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Signage is seen at the headquarters of the Federal Communications Commission in Washington, D.C.

Andrew Kelly | Reuters

WASHINGTON — A federal consumer protection watchdog agency on Wednesday announced that it will be voting on rules that will require cable and satellite providers to display an “all-in” price for video programming on consumers’ bills and promotional materials.

The Federal Communications Commission’s final rules are expected to be largely similar to those the agency initially proposed last year. The commission plans to vote on a final version of the rules during its upcoming March 14 open meeting.

“We’re working to make it so the advertised price for a service is the price you pay when your bill arrives,” FCC Chairwoman Jessica Rosenworcel said in a statement. 

“Not only will this reduce cost confusion and make it easier for consumers to compare services, but this proposal will also increase competition among cable and broadcast satellite providers through improved price transparency,” said Rosenworcel.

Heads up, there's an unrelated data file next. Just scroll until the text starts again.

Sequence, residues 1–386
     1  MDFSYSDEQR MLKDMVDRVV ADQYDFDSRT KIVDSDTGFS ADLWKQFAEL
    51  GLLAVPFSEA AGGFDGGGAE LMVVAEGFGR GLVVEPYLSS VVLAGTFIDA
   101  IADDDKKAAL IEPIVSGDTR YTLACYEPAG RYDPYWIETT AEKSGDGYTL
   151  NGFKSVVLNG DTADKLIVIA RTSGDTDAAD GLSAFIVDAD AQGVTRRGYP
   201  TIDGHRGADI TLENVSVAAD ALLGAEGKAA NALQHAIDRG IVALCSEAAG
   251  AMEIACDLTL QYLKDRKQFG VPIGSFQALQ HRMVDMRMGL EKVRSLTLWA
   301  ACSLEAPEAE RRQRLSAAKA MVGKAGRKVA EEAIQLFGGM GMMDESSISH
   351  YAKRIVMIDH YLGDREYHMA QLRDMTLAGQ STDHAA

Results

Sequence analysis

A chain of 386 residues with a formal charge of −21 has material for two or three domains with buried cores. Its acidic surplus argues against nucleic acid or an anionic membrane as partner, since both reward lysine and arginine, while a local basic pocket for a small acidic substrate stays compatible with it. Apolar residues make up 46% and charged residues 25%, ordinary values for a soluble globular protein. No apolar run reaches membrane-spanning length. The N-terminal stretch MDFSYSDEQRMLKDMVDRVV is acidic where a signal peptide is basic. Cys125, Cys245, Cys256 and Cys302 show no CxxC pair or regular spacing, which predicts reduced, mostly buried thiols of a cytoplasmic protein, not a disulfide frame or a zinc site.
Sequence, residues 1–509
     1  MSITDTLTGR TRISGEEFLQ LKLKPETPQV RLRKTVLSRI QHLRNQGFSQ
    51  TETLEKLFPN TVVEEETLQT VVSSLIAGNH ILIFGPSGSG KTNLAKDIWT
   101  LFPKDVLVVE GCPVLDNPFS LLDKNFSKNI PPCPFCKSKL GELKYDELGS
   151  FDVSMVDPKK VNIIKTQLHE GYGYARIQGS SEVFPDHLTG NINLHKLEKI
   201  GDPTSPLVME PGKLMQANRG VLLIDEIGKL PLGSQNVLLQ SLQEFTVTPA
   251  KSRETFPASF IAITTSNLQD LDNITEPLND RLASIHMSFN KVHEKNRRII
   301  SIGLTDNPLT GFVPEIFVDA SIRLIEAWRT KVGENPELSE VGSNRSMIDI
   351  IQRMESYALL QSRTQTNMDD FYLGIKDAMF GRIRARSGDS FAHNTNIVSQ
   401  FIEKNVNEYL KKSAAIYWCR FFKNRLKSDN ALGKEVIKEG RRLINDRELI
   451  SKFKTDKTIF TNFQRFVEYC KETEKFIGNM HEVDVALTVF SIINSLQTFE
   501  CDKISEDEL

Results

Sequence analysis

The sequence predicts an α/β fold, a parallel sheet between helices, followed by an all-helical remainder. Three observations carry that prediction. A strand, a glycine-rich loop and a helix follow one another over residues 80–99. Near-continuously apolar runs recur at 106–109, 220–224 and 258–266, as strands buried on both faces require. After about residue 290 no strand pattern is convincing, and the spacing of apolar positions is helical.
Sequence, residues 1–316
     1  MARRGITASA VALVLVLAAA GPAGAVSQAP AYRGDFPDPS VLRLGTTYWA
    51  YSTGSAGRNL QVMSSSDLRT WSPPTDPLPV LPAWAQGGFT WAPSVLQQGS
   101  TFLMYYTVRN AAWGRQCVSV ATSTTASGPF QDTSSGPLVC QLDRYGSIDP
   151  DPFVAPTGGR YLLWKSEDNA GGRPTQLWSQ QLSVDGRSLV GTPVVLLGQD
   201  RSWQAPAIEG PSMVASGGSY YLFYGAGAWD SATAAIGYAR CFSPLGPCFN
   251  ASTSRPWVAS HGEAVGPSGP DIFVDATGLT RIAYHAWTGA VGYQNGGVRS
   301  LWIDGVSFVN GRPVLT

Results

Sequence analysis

The commission voted in December to adopt a proposal to ban cable and satellite companies from charging early termination fees.

The agency is also gearing up to enforce a new labeling format for broadband internet service providers, starting in April.

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The FCC rules to be voted on next month are the latest in a string of new regulations across the federal government aimed at eliminating what the Biden administration has labeled “junk fees,” undefined or last-minute costs charged to consumers, often at the end of an online transaction.

It is also a cause that President Joe Biden has long supported.

“Too often, these companies hide additional junk fees on customer bills disguised as “broadcast TV” or “regional sports” fees that in reality pay for no additional services,” Biden said in a June 2023 statement on the proposed FCC rule.

“These fees really add up: according to one report, they increase customer bills by nearly 25% of the price of base service,” said Biden.

Correction: The FCC announced Wednesday it will be voting to finalize price disclosure rules for video programming services. An earlier version mischaracterized the action.

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